Better Said Newsletter 003
Read time: 7 min
Topics covered: Assertive Communication, Setting Boundaries, Soft Skills
Welcome back to this week's exploration of effective communication. If you're new here, welcome! You may want to go back to the beginning and start there as it will give you some experience to reflect on in this article. Definitely not required but recommended.
Which of the 3 assertive techniques was most difficult for you?
What was the most difficult aspect? (i.e. finding the right words, not wanting to sound too mean, justifying why this is important to you, not overexplaining?)
Making personal changes and growing involves overcoming blockers, but many challenges in communication and assertiveness are common.
People often believe their issues are unique, but adults can hide internal conflicts well. The concerns around assertive communication share 90% similar blockers.
Common blockers for passive communicators include cultural influences (gender norms, people-pleasing), fears (conflict, rejection, past trauma), and self-prioritization challenges (placing others' comfort over their own).
This week’s challenge (45 min)
Identify Personal Blockers
Write Down the Findings
Acknowledge the Challenge of Change
Initiate Positive Change
Blockers in Mindset Changes
Whenever you are making a change and growing, you’ll run into blockers. In my experience, everyone thinks their circumstances and challenges are unique to them, that their co-workers and peers don’t experience the same issues to the level they do.
The truth is, adults are just very good at masking our internal conflict so it doesn’t appear on the outside.
Of the hundreds of clients I’ve met, their concerns with assertive communication fall into 2 categories (being too aggressive or too passive), and the blockers are 90% the same within those groups.
This doesn’t take away from your struggles, and it doesn’t mean that you don’t experience them to different levels, but it does mean that most of the blockers you face don’t have to be permanent. The clients I’ve worked with who are dedicated to making a change ALL find marked improvement within 3 months of working with me.
Let’s lay out all the blockers that passive communicators tend to have:
1. Cultural Influences
It's no secret that the culture we grow up in shapes our decisions as adults. We don't think about it regularly, mainly because we stay within our cultural norms. It's only when faced with a different societal perspective that we begin to question what has been normal to us our entire lives.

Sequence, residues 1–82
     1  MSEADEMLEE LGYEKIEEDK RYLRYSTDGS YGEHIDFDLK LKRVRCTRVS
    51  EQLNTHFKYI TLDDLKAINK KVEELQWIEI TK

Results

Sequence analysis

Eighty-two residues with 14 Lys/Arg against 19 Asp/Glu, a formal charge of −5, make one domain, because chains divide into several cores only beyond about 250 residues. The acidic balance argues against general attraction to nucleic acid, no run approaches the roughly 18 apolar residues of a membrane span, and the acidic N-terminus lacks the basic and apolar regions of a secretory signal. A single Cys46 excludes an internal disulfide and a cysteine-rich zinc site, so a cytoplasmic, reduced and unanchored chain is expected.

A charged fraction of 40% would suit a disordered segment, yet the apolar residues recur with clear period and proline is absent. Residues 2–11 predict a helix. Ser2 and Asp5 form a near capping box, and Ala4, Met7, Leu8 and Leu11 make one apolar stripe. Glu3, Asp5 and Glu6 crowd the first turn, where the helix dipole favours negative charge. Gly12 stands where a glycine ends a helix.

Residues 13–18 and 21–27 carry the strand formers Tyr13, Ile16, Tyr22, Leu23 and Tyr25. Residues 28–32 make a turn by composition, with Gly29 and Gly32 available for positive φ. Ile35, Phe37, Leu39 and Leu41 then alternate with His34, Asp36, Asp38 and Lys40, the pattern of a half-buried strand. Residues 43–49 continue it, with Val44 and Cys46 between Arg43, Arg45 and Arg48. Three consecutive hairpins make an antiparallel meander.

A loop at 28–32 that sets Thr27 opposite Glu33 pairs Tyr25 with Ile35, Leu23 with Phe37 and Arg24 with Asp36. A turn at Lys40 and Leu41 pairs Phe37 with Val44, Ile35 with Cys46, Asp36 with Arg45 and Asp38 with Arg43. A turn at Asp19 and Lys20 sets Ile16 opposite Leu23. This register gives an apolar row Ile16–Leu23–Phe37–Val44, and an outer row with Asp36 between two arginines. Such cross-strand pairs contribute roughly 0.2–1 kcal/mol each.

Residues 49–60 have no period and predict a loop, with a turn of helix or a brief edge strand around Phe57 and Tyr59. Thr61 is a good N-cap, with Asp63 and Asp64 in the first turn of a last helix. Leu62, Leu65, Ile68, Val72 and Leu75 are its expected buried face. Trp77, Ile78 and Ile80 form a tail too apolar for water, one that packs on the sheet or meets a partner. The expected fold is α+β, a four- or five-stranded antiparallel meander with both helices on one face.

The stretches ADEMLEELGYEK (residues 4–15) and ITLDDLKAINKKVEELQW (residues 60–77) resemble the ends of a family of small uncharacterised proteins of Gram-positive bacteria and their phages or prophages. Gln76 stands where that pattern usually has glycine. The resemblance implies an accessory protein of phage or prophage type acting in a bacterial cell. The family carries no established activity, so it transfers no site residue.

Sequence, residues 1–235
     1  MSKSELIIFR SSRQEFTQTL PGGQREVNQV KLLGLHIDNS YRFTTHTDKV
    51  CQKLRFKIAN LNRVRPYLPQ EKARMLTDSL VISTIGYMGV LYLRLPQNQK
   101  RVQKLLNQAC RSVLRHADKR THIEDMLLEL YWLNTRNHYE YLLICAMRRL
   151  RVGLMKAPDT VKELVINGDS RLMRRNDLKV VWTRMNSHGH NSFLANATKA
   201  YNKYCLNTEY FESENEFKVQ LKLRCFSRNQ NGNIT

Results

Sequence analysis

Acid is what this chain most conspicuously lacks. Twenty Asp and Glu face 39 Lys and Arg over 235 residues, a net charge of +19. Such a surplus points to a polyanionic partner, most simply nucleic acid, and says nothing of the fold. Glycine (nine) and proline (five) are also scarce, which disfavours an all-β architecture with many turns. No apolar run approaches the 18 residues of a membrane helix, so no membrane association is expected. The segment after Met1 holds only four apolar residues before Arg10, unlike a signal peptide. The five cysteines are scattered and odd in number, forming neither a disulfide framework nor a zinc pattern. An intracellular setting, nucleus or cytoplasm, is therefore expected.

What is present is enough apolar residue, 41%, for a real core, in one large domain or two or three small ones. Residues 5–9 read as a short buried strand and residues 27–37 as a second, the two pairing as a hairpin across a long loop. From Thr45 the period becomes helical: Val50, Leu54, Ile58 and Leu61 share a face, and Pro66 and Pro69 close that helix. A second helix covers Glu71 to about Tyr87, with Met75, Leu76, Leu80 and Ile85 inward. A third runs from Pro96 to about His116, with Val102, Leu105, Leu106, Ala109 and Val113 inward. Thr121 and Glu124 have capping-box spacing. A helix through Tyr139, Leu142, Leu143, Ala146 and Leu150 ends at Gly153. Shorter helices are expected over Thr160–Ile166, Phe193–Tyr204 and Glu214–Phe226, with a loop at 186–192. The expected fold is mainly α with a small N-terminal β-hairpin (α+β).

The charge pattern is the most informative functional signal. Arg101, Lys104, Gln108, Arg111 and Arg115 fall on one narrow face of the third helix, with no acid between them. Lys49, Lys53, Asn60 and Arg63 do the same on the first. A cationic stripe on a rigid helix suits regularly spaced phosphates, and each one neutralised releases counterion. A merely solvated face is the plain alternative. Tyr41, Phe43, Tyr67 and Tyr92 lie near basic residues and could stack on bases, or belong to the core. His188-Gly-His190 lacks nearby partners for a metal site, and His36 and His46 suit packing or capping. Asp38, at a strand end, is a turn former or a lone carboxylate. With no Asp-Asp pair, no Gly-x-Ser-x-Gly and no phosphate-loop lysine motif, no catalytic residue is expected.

Cultural influences play out on a large scale. Take gender norms, for instance. Men are typically encouraged to embody traits of speaking out, bravery, and boldness from a young age. On the flip side, women are often instructed to be polite, kind, nice, and sweet. This encouragement often leads to prioritising harmony and others' feelings over our own.
It's not about being right or wrong; it simply shapes how we perceive ourselves internally.
The term "people-pleasing" applies to both men and women. This tendency often stems from parental influence, where certain behaviours are insisted upon. It could be as straightforward as hugging a family member even when you don't want to, just because it's the polite thing to do. This repeated reinforcement can create a habit of seeking approval and avoiding displeasing others, making it challenging to assert your boundaries.
Our parents teach us how to identify and set boundaries from a young age. If a parent tolerates discomfort from grandparents due to a cultural emphasis on respecting elders or avoiding conflict, it sets our expectations for boundaries. Again, the message is that others' feelings take precedence over our own, emphasising the importance of respect.
There's an incredible therapist who delves into this concept. Many adults are now distancing themselves from their parents due to a lack of mutual respect. Parents may feel they should be tolerated because they never distanced themselves from their own parents. Regardless of your interest or connection to this concept, I highly recommend checking her out. Her name is Whitney, and she goes by SitWithWhit on Instagram.
You're probably familiar with the fight-or-flight response, where our primal instincts warn us of potential harm. Back in the day, this instinct shielded us from threats like bears or predators and prevented us from engaging in activities that could be fatally harmful, such as cliff jumping.
In the present day, our fear of predators and life-threatening situations has significantly diminished. However, this doesn't mean that the corresponding part of our brain has shut off. Instead, it now focuses on contemporary situations. When it comes to fears surrounding assertive communication and what might hinder you, the fear of conflict, rejection, or abandonment, along with past traumas, play a pivotal role.
The fear of conflict might manifest as concerns that asserting your boundaries or expressing dislikes could harm your relationships or result in a negative perception. I can relate to this worry, where being too assertive might make me appear insufficiently contributing to the team, leading to concerns about potential reprimands or even termination due to issues with our workplace dynamics.
This fear is intertwined with the dread of rejection or abandonment. The apprehension that expressing an idea in a meeting, not meeting the team's standards, could lead to rejection, making others lose hope in you, and consequently, feeling inadequate in front of peers, jeopardising your standing within the team.
All these fears are connected to past trauma or abuse. It's essential to note that abuse doesn't always have to be significant to impact our current behaviour. It could stem from a distant memory of someone, whose name you may not recall, shutting you down or making fun of you. Even if you logically understand the wrongness of their statement or recognize it was rooted in their pain, it doesn't prevent our fear-driven responses. I recently had a revelation that surprised me.